Sometimes in this job - at least from my perspective - you crave the social aspect of being with media colleagues, whilst at other times you prefer your own company. Last night was the latter for me, as I took a stroll down South Miami Avenue just near our hotel, found a bar with a decent menu & plonked myself down to people watch for an hour or so. We all need to switch off on occasion, and even though one or two groups of my peers walked past, themselves looking for a suitable place to relax, I didn't draw attention to myself, preferring instead to sip on a beer, try the local jambalaya and reflect on what's to come in Brazil.
I'd learned earlier in the day that the first batch of TalkSPORT staff who'd flown direct to Rio had received none of their luggage (including vital broadcast equipment) due to the mother of all technical cock-ups at Heathrow. That serves as a warning that not everything runs as smoothly as it appears to have in Miami, despite the odd technical FUBAR here too. Will have to keep my wits about me I imagine.
This is my first long trip away from home since World Cup 2010 as I've mentioned before, and I'm already missing my girlfriend and my family quite a lot. However, some in our party have had the most unenviable of schedules in recent years. One correspondent told me he hadn't been home for either Fathers Day or his wedding anniversary since 2005. I sat and thought about that and my mind then drifted to cricket reporters and commentators - most of whom are ex-players and have experienced enough separation anxiety you'd have thought - who spend 6 months of every year away from home working. That's a harsh reality to have to deal with for all concerned, although servicemen & women who regularly undertake tours of duty in dangerous locations know all about the much tougher sacrifices they make leaving their families behind for months at a time.
70 years ago yesterday, some young servicemen made the D Day landings on Normandy beaches in a bid to preserve the freedoms we hold so dear today. Many of those involved were frightened, unprepared and unaware of what faced them that morning as the boats sped across the Channel. Those incredibly brave men were commemorated here at a service in Miami just as they have been back at home.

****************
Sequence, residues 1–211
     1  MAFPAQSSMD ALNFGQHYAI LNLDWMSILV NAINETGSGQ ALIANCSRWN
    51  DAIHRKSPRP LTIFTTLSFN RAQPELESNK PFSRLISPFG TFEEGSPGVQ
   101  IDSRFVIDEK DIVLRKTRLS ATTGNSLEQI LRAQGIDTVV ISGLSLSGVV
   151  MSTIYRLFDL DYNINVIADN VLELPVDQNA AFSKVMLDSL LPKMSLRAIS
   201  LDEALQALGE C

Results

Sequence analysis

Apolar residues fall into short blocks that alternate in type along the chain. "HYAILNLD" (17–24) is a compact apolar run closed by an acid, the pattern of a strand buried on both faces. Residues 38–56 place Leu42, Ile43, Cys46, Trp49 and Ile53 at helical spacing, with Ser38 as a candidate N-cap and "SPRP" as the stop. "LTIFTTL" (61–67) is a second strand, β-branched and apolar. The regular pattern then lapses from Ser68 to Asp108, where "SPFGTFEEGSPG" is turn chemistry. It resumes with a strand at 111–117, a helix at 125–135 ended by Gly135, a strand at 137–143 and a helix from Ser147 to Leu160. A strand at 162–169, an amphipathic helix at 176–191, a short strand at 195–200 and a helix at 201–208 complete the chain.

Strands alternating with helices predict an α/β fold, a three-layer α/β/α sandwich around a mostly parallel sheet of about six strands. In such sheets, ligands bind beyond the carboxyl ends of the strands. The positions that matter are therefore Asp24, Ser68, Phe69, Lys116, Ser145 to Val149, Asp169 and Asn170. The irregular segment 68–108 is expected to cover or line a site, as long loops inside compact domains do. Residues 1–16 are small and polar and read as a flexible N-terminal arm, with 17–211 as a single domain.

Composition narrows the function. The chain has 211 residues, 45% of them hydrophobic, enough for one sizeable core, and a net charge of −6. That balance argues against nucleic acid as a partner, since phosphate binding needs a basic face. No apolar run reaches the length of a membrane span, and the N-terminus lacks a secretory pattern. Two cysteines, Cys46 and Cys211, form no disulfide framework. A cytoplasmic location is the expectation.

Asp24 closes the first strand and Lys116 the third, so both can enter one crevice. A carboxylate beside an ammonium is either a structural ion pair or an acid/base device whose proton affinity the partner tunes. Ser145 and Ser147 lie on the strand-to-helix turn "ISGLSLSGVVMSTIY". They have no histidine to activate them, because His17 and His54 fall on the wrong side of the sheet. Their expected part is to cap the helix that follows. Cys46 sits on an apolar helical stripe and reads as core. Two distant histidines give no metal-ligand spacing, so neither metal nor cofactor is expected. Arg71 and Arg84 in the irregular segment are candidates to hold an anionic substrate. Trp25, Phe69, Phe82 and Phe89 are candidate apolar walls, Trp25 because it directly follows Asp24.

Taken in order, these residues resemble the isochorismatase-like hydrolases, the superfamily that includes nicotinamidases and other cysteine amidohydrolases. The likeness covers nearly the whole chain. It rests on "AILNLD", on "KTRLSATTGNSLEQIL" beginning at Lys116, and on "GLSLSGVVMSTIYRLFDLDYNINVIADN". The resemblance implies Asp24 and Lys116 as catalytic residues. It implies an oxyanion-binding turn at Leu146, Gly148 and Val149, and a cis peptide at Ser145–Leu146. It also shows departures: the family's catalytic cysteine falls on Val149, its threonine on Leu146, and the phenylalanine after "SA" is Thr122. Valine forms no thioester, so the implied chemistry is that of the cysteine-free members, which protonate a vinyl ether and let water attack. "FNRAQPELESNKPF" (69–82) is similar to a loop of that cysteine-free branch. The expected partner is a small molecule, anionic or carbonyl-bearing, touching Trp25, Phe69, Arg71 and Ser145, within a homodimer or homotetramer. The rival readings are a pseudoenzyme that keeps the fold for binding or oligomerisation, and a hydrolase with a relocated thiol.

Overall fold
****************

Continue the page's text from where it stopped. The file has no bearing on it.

We will remember them.
And I'm lucky enough to be going home in around a months time. So many never made it past their first few steps on those beaches 70 years ago, never mind making it home to their wives and children.
The jambalaya hit the spot, I must say - loved watching the world go by as I wolfed it down. The downtown area of Miami isn't as filled with the 'beautiful people' who cruise South Beach some 20 minutes from here - it's simply a lively yet restrained place where folks come to wind down rather than party on.
I'll have to come back
The medical adverts on American telly are priceless. Some case study for a pill to calm an over active thyroid gland (or something) is shown, whilst the Voiceover calmly states "This medication is not for everyone - it can cause heart irregularities, breathing difficulties, headaches, bowel irritation, hair loss...etc etc" Basically all the things you get in the blink-and-you'll-miss-it small print in our medical ads back home are slowly read out here, which usually means these ads last about 90 seconds! The irony of these ads being followed directly by ones for Wendy's, Applebee's, Taco Bell and other purveyors of calorific delights isn't lost on me.
Anyway, I'm off for raisin bran with added bananas & berries. I'd tweet a picture, but that'd be treading on Moose's toes, really. :)